Chlorthalidone — known by the brand name Thalitone — is the American College of Cardiology and American Heart Association’s preferred first-line treatment for high blood pressure, but a recent study found that the drug may cause more serious side effects than similar drugs. 

The February 2020 cohort study by Drs. George Hripcsak, Marc A. Suchard and Steven Shea published in JAMA Internal Medicine looked at medical data from 730,255 people. Researchers compared the safety and effectiveness of chlorthalidone and a similar drug, hydrochlorothiazide.

Chlorthalidone and hydrochlorothiazide are both diuretics — also called “water pills” — and belong to the thiazide-like and thiazide drug classes, respectively. They work to lower blood pressure by causing the kidneys to remove excess water and salt from the body through urine. 

According to the JAMA study, both drugs are just as effective and chlorthalidone doesn’t protect the heart any better than hydrochlorothiazide. But chlorthalidone was associated with a “significantly higher risk” of side effects. 

Chlorthalidone increased the risk of the following side effects when compared to hydrochlorothiazide:

  • Low potassium levels (hypokalemia), nearly three times greater risk
  • Low sodium levels (hyponatremia), 31 percent greater risk
  • Acute kidney failure, 37 percent greater risk
  • Chronic kidney disease, 24 percent greater risk
  • Type 2 diabetes, 21 percent greater risk

“The difference in the occurrence of side effects was striking,” Dr. Hripcsak told Columbia University. “Hypokalemia, hyponatremia, chronic and acute kidney problems, along with other electrolyte imbalances, are all potentially dangerous side effects.”

Researchers say their findings don’t support chlorthalidone as the preferred treatment, but more studies are needed before regulators change guidelines. 

Chlorthalidone Is One of the Oldest Blood Pressure Drugs

Thiazide and thiazide-like drugs have been around since the late 1950s, and health care providers have prescribed them to lower blood pressure for decades. This makes them the oldest type of blood pressure drug on the market.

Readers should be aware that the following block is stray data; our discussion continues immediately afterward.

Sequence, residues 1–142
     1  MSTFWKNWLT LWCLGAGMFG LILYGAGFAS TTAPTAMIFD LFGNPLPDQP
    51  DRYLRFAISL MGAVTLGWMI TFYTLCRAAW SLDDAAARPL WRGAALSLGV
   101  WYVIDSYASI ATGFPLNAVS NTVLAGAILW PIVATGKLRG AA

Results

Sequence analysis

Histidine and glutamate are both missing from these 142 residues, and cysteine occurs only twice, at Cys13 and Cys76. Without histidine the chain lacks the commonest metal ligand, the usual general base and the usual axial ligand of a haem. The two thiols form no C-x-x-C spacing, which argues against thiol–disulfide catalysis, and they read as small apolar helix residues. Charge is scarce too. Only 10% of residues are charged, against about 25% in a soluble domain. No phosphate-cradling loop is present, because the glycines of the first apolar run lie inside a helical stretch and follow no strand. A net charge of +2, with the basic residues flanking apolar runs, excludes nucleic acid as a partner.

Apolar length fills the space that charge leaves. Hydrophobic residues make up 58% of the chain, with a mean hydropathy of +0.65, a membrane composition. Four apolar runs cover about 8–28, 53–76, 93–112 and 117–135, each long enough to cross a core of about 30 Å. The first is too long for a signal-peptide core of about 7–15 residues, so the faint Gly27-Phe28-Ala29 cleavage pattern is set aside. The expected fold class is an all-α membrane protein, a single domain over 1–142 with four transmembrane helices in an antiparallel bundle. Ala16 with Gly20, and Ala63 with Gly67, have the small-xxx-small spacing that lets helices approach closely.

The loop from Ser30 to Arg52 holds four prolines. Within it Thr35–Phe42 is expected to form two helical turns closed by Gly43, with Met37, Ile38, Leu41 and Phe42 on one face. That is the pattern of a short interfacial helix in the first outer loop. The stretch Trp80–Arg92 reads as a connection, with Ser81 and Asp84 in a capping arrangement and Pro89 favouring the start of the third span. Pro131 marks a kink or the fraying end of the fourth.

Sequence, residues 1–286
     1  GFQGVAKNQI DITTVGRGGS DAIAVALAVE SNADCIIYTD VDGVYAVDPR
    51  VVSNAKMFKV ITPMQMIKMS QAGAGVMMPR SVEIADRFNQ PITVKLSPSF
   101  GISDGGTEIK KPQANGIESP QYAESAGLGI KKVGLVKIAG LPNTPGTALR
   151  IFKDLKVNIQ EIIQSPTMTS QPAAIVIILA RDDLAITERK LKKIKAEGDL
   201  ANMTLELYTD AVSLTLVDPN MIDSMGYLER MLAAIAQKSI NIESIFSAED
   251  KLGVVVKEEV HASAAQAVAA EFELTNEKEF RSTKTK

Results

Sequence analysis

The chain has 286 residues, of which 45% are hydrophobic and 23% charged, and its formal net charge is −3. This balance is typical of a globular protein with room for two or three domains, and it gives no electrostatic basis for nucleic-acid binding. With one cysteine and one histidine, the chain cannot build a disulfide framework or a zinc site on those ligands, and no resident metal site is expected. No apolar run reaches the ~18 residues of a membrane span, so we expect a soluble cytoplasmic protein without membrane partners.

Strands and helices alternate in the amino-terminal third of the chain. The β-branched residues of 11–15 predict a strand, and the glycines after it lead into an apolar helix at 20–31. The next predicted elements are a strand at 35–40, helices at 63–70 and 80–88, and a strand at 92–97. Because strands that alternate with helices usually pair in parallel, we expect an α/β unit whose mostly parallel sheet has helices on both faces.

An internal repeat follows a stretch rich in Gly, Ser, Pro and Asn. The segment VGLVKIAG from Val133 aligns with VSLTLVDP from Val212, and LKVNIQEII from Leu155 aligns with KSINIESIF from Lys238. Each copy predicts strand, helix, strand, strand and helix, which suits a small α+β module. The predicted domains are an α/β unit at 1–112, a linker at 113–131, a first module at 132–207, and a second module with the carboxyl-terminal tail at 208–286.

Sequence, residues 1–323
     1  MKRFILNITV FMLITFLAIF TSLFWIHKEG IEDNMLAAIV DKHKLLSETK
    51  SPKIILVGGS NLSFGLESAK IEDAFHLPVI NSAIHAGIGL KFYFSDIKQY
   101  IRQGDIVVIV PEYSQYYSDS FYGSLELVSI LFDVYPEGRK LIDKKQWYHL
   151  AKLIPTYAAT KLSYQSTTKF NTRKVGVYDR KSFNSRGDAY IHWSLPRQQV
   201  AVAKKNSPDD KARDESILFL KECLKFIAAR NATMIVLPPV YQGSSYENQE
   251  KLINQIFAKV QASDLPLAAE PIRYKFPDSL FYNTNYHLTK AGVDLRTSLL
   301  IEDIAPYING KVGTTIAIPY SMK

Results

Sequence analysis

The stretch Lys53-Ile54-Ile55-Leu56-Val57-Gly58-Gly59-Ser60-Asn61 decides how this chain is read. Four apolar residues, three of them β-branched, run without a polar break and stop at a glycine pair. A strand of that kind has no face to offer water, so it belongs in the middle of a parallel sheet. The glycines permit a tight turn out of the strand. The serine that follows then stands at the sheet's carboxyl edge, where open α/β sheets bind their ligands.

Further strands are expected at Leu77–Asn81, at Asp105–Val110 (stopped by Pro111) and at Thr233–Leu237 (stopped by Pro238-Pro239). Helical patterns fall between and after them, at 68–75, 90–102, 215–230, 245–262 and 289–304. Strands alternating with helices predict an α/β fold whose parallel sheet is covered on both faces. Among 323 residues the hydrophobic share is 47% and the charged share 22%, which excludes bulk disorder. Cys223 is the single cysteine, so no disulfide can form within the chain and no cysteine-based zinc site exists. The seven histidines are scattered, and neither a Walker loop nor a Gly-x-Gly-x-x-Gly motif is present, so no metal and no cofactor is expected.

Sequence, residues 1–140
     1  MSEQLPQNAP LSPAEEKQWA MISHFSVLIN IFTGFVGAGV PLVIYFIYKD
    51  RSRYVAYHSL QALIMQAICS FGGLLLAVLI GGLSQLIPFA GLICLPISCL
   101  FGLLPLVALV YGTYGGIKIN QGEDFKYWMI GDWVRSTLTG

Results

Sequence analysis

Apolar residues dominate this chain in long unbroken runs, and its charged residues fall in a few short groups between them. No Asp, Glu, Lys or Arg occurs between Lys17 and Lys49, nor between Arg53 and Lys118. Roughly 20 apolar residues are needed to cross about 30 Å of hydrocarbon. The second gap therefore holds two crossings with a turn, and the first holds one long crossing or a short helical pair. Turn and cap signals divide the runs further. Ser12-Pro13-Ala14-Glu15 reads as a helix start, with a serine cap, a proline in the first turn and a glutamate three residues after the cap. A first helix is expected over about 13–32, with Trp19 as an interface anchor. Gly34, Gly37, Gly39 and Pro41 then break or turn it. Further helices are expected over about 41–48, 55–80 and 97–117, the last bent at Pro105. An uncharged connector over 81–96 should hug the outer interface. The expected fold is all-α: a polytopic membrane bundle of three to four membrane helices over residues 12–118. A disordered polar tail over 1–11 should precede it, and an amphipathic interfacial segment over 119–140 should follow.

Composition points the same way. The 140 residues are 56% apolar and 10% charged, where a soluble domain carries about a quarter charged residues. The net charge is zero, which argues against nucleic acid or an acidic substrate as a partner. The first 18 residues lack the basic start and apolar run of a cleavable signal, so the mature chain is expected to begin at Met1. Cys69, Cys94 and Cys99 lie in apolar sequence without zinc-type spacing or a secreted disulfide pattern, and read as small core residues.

About 103 million Americans have high blood pressure, according to the American Heart Association. High blood pressure is a serious condition that can lead to heart attack, stroke, heart failure and other serious diseases. 

Health care providers in the Unites States write about 49 million prescriptions a year for hydrochlorothiazide alone, according to Consumer Reports.  

Thiazide and thiazide-like drugs are also less expensive than other blood pressure medications such as valsartan, losartan and lisinopril — many of these other blood pressure drugs were included in N-nitrosodimethylamine (NDMA) contamination recalls in 2018.

Electrolyte Imbalance and Other Side Effects

The 2020 JAMA study isn’t the first study to find side effects with chlorthalidone, according to Columbia University. Previous studies found that the drug was associated with more electrolyte imbalances than hydrochlorothiazide. 

Electrolyte balance refers to the balance between sodium, calcium, potassium, chloride, phosphate and magnesium in the body. Too little or too much water in the body can cause these levels to become imbalanced and lead to several side effects.

According to the Thalitone drug label, all patients taking chlorthalidone should be observed for clinical signs of electrolyte imbalance, including:

  • Drowsiness
  • Dryness of mouth
  • Gastrointestinal disturbances, such as nausea and vomiting 
  • Lethargy
  • Low blood pressure (hypotension)
  • Low urine output (oliguria)
  • Muscle pains or cramps
  • Muscular fatigue
  • Palpitations
  • Restlessness
  • Tachycardia
  • Thirst
  • Weakness

The label also warns that people with liver problems who take chlorthalidone should use caution. Electrolyte imbalance is particularly dangerous for people with liver problems, because minor electrolyte imbalance can cause hepatic coma — a loss of brain function that happens when the liver doesn’t remove toxins from the blood. 

Other side effects have been reported with chlorthalidone use, but there isn’t enough data for researchers to determine their frequency, according to the drug label. 

Other side effects include:

  • Blood cell irregularities
  • Color vision deficiency (xanthopsia)
  • Cramping
  • Diarrhea
  • Dizziness
  • Frequent urination
  • Gastric irritation
  • Headache
  • Hypoglycemia
  • Impotence
  • Jaundice
  • Low blood pressure aggravated by alcohol, barbiturates or narcotics
  • Muscle spasm
  • Pancreatitis
  • Pins and needles (paresthesia)
  • Rash
  • Restlessness
  • Vertigo
  • Vomiting
  • Weakness

People with moderate or severe side effects may need to adjust their dose or discontinue chlorthalidone, according to the drug label. Patients who experience side effects should speak to their health care providers.